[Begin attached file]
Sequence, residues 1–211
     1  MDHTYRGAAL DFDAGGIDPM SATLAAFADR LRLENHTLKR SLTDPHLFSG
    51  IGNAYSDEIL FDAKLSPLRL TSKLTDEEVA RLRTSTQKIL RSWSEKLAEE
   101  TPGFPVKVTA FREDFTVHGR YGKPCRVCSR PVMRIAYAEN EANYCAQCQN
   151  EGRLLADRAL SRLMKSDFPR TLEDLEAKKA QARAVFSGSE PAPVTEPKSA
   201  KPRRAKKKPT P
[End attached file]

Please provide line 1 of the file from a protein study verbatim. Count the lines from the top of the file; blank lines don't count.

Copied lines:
Sequence, residues 1–211